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8 messages
15/08/2013 at 15:49

Hi All,

I'm fairly new to the gardening side. I recently did some landscaping, put a nice wooden sleeper border over freshly laid new turf. The garden is however looking a bit bare.

I have a SE facing bed sees sunlight in the morning and then shade in the afternoon, I think we call this partial shade. I think it's a sandy / stoney soil and I've ordered a PH tester to see the acidity.

My question is have plants are suitable for different soil types on the same bed, if for example I mulch in some localised compost. I really want to plant some purple thistles to get some butterflies into the area, but I'm also interested in other plants which like good quality soil..

15/08/2013 at 22:32

If it were only so simple to put a blob of compost in one part of the garden and a different blob in another. Unfortunately, the rain, the wind,the worms and the birds all conspire to mix everything up and you end up back where you started only a lot poorer. 

The best idea is to find out what type of soil you have and then buy plants that like that type of soil. If you want to beat nature at her own game, you can grow unsuitable plants in pots, isolated from the surrounding, natural conditions, in bought-in compost.

Lyn
16/08/2013 at 12:26

This is a south east facing border, it has some of everything in there, it all grows together, I have never really bothered about what goes where. I only started this garden in 2012, from seeds and cuttings.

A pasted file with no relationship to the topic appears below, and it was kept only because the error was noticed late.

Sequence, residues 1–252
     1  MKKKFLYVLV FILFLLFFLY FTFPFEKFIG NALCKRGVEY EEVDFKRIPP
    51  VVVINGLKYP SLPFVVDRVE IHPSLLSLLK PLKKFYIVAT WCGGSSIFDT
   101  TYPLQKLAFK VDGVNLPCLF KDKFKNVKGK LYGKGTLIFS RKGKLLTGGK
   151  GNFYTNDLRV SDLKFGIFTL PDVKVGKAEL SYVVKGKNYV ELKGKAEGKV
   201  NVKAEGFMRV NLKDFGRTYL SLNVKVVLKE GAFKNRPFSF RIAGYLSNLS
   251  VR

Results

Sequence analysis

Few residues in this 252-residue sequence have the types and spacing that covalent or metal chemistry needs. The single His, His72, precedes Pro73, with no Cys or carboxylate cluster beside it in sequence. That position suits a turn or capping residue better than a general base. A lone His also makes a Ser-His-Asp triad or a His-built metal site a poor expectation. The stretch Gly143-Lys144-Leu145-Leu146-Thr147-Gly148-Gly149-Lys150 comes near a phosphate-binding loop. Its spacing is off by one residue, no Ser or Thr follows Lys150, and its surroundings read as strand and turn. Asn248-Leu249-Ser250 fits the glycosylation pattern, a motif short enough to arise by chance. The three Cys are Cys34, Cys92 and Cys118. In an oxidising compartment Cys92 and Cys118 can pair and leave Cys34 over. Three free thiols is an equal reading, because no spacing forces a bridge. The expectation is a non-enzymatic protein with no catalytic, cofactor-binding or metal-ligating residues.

There is Echinops, rudbeckias, roses, cleome, sweet william, primulas, sweet peas, echium, clematis, honeysuckle, a potato climber, cornflowers, wallflowers, achillia,montbretia, dahlias,sea hollie, anturinum,echinachea, verbena bon, guara, and lots more that I cant remember. Plenty there for bees and butterflys.

 

In the Spring and early summer it was full of foxgloves, lupins,  delphiniums, and others.

I have never tested the soil, I put lots of home made compost on in the winter and had some bark chippings that went on last year. 

http://s4.gardenersworld.com/uploads/images/original/29427.jpg?width=307&height=350&mode=max

 

http://s4.gardenersworld.com/uploads/images/original/29430.jpg?width=307&height=350&mode=max

 

 Early summer

http://s4.gardenersworld.com/uploads/images/original/29428.jpg?width=307&height=350&mode=max

 

http://s4.gardenersworld.com/uploads/images/original/29429.jpg?width=307&height=350&mode=max

 Sorry posted same pic twice!

 in 2011 this was a mini pine forest, 30ft tall conifers, so you can acheive a lot in a small time if you really want to go for it.

 

 

 

16/08/2013 at 12:43

Wow Lyn thats amazing!!

We moved in early May and seem to spend lots of time walking round garden centres and coming home empty handed!

Afraid of making expensive mistakes!

Well done,

Carol

16/08/2013 at 12:53

Huya pokhim

Firstly.....yes, it is essential to test your soil.  Well done on that.  Then you,will know what kind of plants you can grow.

You can make pockets where the ground needs to be better drained....e.g. We all do that for lilies.  For your thistle....once you know your soil type.....you can imcorporate some grit or sharp sand in the bottom of the planting hole and refill using grit and sand mixed with the soil when filling in.  It sounds like you have the soil to grow thistles there.  

You often find different micro climates even in a small garden....areas of more shade or shelter.  I would guess your soil to be neutral but let us know.  You can get,good quality plants to grow there too for bees and butterflies....lyn has mentioned several.  

 

 

16/08/2013 at 13:05

Lyn, what a fantastic garden in a short space of time. i wish I had your talent. Must admit I've also never tested soil - trial and error and accept losses when the garden says no.

16/08/2013 at 13:44

..marvellous work there Lyn....

28/08/2013 at 19:57

Missed this when it was first posted - but had to add (belatedly) - your garden is stunning Lyn, so colourful and full and burstiing with life.  I love it ~!!

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